Felix Salmon

The AIG Life Insurance Numbers

The document itself is dated February 26, and Andrew Ross Sorkin’s column on it came out on March 3, under the headline "The Compelling Case for Saving A.I.G., by A.I.G." He begins:

Felix Moving

As of April 1; Jeff has the story.

I’ll do my best to answer any questions you might have, but nothing much should change about the blog bar the URL, and in no way should this reflect badly on Portfolio.com, which has been an absolutely wonderful home to me for the past two years and which I’m genuinely sad to be leaving. Some things, however, are just too exciting to resist. More anon.

Extra Credit, Wednesday Edition

How the USSR gave us Wall Street’s quant craze: If the cold war hadn’t ended, the quants would still be doing physics.

Bank Funding Datapoint of the Day

Bloomberg reports:

Contracts on the Markit iTraxx Financial index of credit-default swaps linked to the senior debt of 25 banks and insurers were more expensive today than the Markit iTraxx Europe corporate index. That hasn’t happened since Lehman Brothers Holdings Inc. went bankrupt in September and, before that, JPMorgan’s takeover of Bear Stearns, according to BNP Paribas. It reflects “systemic stress” in the financial system.

Mark-to-Market Datapoint of the Day

David Reilly crunches the numbers:

Of the $8.46 trillion in assets held by the 12 largest banks in the KBW Bank Index, only 29 percent is marked to market prices, according to my analysis of company data. General Electric Co., meanwhile, said last week that just 2 percent of assets were marked to market at its General Electric Capital Corp. subsidiary, which is similar in size to the sixth-biggest U.S. bank.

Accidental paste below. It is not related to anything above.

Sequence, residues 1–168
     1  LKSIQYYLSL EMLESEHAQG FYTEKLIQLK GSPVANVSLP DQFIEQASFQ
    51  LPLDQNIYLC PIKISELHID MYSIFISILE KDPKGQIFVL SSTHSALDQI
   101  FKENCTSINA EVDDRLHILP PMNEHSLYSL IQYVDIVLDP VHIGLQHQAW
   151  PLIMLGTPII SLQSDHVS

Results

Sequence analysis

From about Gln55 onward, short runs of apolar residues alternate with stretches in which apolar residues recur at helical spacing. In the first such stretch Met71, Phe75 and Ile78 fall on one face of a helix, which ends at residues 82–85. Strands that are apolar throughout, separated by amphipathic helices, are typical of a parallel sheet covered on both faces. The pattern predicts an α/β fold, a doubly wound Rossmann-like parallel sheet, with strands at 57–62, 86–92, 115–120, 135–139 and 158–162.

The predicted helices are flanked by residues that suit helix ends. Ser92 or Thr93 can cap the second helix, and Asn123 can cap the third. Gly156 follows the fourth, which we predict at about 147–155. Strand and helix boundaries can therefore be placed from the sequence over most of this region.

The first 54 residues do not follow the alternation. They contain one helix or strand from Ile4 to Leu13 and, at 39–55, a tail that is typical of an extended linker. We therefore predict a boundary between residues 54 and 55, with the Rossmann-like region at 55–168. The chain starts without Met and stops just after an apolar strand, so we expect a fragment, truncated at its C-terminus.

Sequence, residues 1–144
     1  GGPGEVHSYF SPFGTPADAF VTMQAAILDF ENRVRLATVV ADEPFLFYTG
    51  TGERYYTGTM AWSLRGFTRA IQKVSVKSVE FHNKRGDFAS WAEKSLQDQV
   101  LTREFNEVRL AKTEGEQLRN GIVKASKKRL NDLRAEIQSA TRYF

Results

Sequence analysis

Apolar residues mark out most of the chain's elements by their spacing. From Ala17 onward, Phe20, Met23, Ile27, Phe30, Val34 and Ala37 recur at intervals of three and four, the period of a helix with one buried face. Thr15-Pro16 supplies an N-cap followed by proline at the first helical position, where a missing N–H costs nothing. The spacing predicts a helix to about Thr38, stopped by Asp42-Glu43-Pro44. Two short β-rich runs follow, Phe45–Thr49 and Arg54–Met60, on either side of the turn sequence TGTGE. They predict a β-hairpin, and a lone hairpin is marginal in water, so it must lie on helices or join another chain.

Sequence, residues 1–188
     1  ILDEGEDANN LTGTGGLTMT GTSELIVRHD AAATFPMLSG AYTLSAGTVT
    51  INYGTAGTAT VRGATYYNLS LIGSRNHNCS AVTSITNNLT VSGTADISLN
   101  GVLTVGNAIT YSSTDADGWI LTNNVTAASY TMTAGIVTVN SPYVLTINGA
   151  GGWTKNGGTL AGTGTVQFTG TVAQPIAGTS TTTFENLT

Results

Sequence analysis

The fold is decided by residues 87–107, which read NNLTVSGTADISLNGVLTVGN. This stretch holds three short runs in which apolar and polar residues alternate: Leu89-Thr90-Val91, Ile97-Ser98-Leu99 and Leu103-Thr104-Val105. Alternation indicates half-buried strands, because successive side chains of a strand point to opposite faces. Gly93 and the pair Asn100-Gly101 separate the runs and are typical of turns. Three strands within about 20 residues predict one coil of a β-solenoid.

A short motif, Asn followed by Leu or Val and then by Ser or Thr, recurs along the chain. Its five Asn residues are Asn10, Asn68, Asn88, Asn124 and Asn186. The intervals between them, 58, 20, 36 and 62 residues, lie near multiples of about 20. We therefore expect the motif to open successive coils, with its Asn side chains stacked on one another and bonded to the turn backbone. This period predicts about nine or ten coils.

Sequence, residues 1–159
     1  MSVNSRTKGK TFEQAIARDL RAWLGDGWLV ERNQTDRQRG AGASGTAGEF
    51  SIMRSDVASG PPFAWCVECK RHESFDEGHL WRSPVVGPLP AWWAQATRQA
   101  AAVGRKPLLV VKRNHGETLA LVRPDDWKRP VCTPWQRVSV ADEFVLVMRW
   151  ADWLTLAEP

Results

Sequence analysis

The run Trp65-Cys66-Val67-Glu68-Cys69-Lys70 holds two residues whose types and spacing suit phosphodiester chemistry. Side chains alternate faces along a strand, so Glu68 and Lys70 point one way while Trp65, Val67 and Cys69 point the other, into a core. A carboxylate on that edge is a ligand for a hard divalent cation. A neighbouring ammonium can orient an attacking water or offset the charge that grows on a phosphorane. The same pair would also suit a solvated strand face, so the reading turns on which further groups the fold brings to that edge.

Understatement of the Day

From Paul Kedrosky:

It does not seem to be good if you are a Luxembourg-based Icelandic banker used to selling swiss franc denominated mortgages to hungarian farmers.

Blogonomics: APIs

Jeff Jarvis takes note of a very important development among some of the biggest and most successful news websites in the world: they’re publishing APIs.

Adventures in Foreign Exchange, Booze Edition

I’m back from England, which is clearly a country where the populace is highly aware of international exchange rates. The pound has imploded of late, which is why you see ads like this at Heathrow’s Duty Free shop ("At current exchange rates, it pays to buy before you fly"):

Steve Schwarzman’s Exaggerated Numbers

There have been some scary figures about the destruction of global wealth being bandied about in the past couple of days. First the Asian Development Bank put out a report by Claudio Loser along with an associated press release headlined "Global Financial Market Losses Reach $50 Trillion, Says Study". And then Steve Schwarzman said that "between 40 and 45 percent of the world’s wealth has been destroyed in little less than a year and a half".